01 May Are Consumers Really Being Protected
UPDATED. The U.S. House of Representatives Committee on the Judiciary’s Subcommittee on Commercial and Administrative Law scheduled a hearing on the second anniversary of the enactment of the Bankruptcy Abuse Prevention and Consumer Protection Act of 2005 for 10:30AM Tuesday May 1st, 2007. The hearing topic is: Are Consumers Really Being Protected Under The Act?
This committee is charged with jurisdiction over bankruptcy law and bankruptcy judges. Information regarding the activity and membership of this committee is accessible on the Subcommittee website. The hearing will be broadcast live over the internet via this weblink.
The National Association of Consumer Bankruptcy Attorneys is reporting that its President, Henry Sommer, will testify, along with NACBA member Wayne Sigmon.
The committee requests witnesses prepare written statements in advance of the hearings. The committee is expected to take testimony from Shirley Jones Burroughs, a debtor from Gastonia NC; Steve Bartlett, CEO and President of the Financial Services Roundtable of Washington D.C.[The Financial Services Roundtable represents 100 of the largest financial services companies, managing $65.8 trillion in assets]; Yvonne D. Jones, Director with the G.A.O.; and NACBA President Henry J. Sommer.
The Other Guy Blinked. An interesting statement comes from Bartlett, who says Chapter 13 has been strengthened to help debtors save a delinquent mortgage from foreclosure. He says if lenders misapply mortgage payments they can be subject to punitive damages. This innocuous comment delves into the application of new Section 524i of the reform legislation, a provision debtor attorneys are inserting into chapter 13 plans at the urging of bankruptcy experts, John Rao and O. Max Gardner. Section 524i requires mortgage payments be applied according to the plan and not subject to the whims of the servicer. The penalty is a discharge violation. As creditor attorneys across the nation defend against the idea that mortgage holders and servicers now are subjected to the deemed current and cure provisions of a chapter 13 plan, Bartlett directly supports the position adopted by Rao and Gardner. Bartlett says “As lenders adjust to this new requirement, chapter 13 will be an even better option for saving the family.” This startling admission is sure to be cited in pleadings filed by debtor attorneys in chapter 13 mortgage cases. For further study of this issue, see “Challenging Mortgage Servicer ‘Junk’ Fees and Plan Payments Misapplication; Making use of the New Section 524(i)” in the January 2007 NCLC Reports Bankruptcy Issue.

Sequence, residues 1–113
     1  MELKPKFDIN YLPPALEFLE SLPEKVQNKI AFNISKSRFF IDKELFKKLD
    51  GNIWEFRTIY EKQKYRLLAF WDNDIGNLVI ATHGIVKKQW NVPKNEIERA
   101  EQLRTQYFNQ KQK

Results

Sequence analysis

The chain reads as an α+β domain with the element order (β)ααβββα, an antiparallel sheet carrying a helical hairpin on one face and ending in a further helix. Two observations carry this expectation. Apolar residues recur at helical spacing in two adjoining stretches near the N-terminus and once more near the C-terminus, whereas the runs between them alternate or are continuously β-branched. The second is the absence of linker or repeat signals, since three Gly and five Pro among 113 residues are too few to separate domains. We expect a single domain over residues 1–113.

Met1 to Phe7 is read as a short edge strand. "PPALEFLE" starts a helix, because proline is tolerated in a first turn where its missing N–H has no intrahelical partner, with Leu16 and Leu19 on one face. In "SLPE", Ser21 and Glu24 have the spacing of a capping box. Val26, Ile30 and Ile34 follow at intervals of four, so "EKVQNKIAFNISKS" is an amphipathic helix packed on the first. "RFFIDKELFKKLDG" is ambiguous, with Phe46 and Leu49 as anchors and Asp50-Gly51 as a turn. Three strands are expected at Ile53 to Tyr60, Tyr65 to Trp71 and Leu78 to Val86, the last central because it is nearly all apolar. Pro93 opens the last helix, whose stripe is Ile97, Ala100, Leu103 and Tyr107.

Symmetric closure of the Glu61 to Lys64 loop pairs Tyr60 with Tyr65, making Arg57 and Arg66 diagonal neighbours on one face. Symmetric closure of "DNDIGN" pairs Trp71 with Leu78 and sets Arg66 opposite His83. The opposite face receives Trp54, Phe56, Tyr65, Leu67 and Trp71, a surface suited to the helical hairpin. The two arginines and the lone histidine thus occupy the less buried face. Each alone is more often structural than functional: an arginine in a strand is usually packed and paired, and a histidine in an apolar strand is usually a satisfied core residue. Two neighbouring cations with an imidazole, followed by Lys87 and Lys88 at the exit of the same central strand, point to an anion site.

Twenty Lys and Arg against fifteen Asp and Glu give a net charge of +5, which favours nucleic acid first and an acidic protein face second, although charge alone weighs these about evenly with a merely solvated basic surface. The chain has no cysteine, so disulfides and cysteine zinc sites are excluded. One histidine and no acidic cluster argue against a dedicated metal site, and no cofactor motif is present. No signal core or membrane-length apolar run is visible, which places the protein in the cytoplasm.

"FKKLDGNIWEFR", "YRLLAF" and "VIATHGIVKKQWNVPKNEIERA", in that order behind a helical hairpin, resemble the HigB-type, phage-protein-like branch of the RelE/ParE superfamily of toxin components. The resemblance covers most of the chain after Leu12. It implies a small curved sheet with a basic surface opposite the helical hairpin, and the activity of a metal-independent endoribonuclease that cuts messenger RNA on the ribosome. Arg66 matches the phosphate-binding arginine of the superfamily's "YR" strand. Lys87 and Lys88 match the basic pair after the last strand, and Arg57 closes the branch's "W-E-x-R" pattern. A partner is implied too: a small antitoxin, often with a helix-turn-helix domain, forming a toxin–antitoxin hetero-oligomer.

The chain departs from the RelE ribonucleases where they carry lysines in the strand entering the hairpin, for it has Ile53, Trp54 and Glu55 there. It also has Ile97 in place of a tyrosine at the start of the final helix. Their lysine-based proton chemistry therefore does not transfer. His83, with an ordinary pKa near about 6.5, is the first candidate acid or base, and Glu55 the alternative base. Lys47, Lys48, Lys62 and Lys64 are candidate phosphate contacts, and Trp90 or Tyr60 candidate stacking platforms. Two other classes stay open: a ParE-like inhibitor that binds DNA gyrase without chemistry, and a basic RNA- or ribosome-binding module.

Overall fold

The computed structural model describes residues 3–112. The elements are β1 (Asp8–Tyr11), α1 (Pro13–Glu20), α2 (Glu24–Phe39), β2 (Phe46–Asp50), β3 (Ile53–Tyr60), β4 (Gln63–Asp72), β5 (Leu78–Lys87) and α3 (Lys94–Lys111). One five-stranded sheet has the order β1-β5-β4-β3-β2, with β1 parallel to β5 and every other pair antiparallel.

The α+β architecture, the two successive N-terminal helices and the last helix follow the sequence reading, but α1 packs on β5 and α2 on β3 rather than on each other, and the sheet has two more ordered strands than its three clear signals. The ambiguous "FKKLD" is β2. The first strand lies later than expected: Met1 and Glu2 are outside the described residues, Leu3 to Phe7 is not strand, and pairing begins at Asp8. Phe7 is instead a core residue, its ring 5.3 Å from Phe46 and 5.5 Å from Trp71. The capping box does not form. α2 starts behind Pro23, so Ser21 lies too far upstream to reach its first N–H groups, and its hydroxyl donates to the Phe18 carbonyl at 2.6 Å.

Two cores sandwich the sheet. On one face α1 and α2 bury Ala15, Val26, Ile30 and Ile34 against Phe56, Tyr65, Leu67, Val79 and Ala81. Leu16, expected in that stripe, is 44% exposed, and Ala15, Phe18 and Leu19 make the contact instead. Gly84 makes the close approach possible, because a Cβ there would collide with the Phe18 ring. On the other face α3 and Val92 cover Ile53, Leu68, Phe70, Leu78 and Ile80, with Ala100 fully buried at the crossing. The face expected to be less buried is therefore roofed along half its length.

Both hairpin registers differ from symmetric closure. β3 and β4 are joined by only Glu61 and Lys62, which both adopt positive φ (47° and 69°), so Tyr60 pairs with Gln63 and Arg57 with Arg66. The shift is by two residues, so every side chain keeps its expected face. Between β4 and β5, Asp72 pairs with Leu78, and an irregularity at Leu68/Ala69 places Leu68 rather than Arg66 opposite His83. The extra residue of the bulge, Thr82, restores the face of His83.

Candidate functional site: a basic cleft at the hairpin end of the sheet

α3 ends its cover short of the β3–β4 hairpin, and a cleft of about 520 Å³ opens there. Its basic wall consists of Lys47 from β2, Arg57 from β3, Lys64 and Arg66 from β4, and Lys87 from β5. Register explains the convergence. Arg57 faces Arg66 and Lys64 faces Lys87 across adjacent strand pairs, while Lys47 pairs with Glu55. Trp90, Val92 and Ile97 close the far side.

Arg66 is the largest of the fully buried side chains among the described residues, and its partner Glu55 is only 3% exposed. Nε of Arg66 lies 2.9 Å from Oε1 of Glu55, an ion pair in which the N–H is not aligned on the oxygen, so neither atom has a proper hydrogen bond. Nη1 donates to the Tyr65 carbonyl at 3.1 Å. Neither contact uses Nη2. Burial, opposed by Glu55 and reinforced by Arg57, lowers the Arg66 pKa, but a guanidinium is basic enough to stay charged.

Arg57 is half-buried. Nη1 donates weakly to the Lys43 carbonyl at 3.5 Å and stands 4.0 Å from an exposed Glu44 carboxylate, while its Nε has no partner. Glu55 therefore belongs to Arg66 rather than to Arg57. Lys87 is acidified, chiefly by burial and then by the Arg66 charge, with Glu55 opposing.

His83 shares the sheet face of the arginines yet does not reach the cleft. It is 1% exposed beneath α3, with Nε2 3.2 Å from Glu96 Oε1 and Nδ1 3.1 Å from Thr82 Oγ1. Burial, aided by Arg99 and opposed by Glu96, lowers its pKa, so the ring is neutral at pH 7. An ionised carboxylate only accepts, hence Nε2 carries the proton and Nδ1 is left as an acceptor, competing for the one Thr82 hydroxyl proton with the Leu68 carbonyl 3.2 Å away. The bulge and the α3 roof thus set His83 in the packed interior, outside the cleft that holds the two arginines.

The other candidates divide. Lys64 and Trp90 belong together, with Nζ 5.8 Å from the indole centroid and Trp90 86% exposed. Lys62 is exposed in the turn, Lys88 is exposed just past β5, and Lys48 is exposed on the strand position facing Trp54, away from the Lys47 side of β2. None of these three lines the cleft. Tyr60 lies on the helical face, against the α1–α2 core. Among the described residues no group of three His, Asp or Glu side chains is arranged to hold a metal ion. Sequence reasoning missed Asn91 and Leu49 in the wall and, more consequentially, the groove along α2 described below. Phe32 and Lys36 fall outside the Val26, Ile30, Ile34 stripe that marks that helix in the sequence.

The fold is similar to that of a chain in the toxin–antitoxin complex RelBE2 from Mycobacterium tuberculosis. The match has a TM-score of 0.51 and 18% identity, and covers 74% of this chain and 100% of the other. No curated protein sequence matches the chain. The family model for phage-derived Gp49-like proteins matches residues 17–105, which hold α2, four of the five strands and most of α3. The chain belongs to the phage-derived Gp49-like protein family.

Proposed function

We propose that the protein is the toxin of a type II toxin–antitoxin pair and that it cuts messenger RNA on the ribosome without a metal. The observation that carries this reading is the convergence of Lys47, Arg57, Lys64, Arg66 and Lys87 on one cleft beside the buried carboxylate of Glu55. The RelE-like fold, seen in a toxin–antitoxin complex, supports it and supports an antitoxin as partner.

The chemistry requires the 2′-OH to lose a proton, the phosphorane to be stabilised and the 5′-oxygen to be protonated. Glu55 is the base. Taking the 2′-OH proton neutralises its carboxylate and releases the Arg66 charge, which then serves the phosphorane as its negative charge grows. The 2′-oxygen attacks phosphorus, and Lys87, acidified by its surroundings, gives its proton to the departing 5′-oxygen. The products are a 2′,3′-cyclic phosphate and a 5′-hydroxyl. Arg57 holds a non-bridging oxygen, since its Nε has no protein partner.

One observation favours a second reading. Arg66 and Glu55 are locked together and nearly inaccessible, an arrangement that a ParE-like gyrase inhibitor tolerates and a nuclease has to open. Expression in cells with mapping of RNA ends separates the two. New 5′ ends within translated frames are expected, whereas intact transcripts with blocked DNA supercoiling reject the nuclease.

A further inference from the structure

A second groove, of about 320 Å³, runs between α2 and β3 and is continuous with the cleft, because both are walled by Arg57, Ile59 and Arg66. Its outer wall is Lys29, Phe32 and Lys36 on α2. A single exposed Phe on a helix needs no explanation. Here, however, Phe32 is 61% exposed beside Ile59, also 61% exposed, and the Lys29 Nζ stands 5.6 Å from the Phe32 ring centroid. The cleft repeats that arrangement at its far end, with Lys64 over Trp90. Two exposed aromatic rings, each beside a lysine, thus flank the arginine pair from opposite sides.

You can read the full statement of prepared testimony of each of these witnesses by clicking on the name of the witness in the preceding paragraph. Further information on this topic will be available on the day of the hearing.
Andy Miofsky, Esq.
Latest posts by Andy Miofsky, Esq. (see all)
- How do I get the title to my car? - November 20, 2019
- Why does the IRS file liens? And what you can do about one. - September 21, 2018
- Social Security Income: Invisible Money Bankruptcy Cannot Touch. - December 19, 2016
- What can and cannot be included on a credit report? - December 21, 2015
- Use Exemptions to Protect Your Property in Bankruptcy - January 20, 2014